3 Lesser-Known Survival Horrors You Should Play

You’ve all played Resident Evil and Silent Hill (at least I hope you have!), but believe it or not, there are many more incredible survival games to delve into. Become a horror game hipster and tell yer pals all about these underrated gems. 

Clock Tower
PlayStation | 1998
Technically, this is a sequel to the 1995 Super Famicom game under the same name. However, this was only released in Japan, therefore western gamers might be under the illusion that the PlayStation game is the first in the series. Anyway, protagonist Jennifer Simpson has begun treatment at a university in Norway, as an attempt to get through trauma caused in the previous game by the ever terrifying Scissorman. Well, like any cliché horror series, Scissorman has made a return and wants you dead. Combining both point ‘n’ click and horror survival mechanics, it’s your goal to constantly find safe spaces, whilst making conscious decisions along the way to determine the story’s outcome. You don’t really tackle Scissorman head on, rather outsmart him – and hope that your hiding spots are good enough… or you’ll get scissored to death. No, not like that.


Alone in the Dark 2
MS-DOS | 1993
Although its prequel was groundbreaking in plenty of ways, Alone in the Dark 2 took what made the first so good and improved on that – resulting in one of the most groundbreaking games of its time. It can be hard to get into these days, but if you stick at it long enough, you’ll (hopefully) realise why this game is just so good. Whilst investigating the kidnapping of a young child known as Grace Saunders, various clues lead paranormal private eye Edward Carnby to a crusty old mansion (also known as “Hell’s Kitchen”). Said mansion just so happens to be harbouring the spirits of dead pirates. These pirates aren’t nice and will do everything in their power to stop you making any sort of progress, making it your mission to survive the puzzle-ridden mansion, finding weapons and items along the way in true horror survival fashion.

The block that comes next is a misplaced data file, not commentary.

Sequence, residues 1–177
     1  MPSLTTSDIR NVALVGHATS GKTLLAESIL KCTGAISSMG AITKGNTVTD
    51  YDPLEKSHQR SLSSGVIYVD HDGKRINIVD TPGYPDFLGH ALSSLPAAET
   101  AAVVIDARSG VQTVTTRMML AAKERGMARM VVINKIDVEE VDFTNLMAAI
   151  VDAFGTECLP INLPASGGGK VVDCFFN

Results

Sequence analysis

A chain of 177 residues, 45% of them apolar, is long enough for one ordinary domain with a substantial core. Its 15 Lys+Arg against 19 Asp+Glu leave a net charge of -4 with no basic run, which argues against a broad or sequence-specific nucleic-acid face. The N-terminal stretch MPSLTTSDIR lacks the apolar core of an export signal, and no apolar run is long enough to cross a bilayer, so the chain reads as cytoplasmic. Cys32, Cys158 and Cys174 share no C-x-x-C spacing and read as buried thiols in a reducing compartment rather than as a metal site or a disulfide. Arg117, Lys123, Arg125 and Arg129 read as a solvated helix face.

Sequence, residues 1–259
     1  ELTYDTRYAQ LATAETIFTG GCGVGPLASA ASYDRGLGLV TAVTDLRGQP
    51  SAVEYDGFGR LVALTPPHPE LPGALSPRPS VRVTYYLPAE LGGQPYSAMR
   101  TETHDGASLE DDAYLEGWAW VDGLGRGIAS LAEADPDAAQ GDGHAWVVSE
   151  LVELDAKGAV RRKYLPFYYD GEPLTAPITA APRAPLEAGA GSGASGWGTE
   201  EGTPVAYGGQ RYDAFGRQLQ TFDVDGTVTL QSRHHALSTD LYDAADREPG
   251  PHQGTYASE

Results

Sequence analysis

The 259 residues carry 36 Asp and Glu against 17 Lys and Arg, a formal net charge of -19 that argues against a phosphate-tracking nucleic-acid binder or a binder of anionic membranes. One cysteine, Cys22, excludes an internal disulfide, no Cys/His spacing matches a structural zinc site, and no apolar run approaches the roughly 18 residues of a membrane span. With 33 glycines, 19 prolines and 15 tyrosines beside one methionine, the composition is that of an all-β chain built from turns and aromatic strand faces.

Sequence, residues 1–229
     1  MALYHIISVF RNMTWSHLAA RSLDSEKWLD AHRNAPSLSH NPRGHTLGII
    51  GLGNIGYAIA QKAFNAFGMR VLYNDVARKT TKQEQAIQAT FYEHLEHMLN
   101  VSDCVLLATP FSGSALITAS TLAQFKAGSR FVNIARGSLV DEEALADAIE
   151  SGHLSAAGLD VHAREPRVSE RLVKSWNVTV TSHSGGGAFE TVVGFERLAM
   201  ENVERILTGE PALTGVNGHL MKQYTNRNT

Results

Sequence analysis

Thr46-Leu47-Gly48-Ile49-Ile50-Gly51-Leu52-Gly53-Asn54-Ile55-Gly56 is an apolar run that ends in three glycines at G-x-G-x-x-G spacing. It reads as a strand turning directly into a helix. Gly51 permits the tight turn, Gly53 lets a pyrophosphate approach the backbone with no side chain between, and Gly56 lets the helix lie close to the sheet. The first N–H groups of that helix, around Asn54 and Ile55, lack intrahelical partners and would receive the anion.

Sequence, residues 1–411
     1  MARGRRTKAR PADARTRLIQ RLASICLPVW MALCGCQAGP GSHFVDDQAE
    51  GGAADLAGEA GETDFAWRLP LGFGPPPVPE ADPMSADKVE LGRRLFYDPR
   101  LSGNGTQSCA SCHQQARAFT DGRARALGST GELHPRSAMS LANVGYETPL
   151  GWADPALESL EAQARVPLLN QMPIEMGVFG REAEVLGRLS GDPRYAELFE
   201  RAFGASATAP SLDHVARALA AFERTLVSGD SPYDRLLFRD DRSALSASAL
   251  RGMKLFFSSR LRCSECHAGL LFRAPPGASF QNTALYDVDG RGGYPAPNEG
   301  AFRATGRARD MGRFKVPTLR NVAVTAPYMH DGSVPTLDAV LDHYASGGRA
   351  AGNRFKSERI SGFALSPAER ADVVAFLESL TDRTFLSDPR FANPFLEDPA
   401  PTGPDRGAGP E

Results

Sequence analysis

Sweet Home
Famicom | 1989
Credited as heavily inspiring Resident Evil, Sweet Home places an emphasis on item management, puzzle solving, and trying to stay alive. It’s also set in a huge mansion filled to the brim with zombies (sound familiar yet?), skeletons, and other nasty beings. You and your documentary film-making group enter this mysterious mansion, in order to recover some fresco paintings that are of high interest. However, once inside, the group is locked in and are forced to make their way through the mansion, taking on otherworldly nasties using RPG mechanics. Whilst this was only released in Japan, there are exceptional fan translations of the game readily available.

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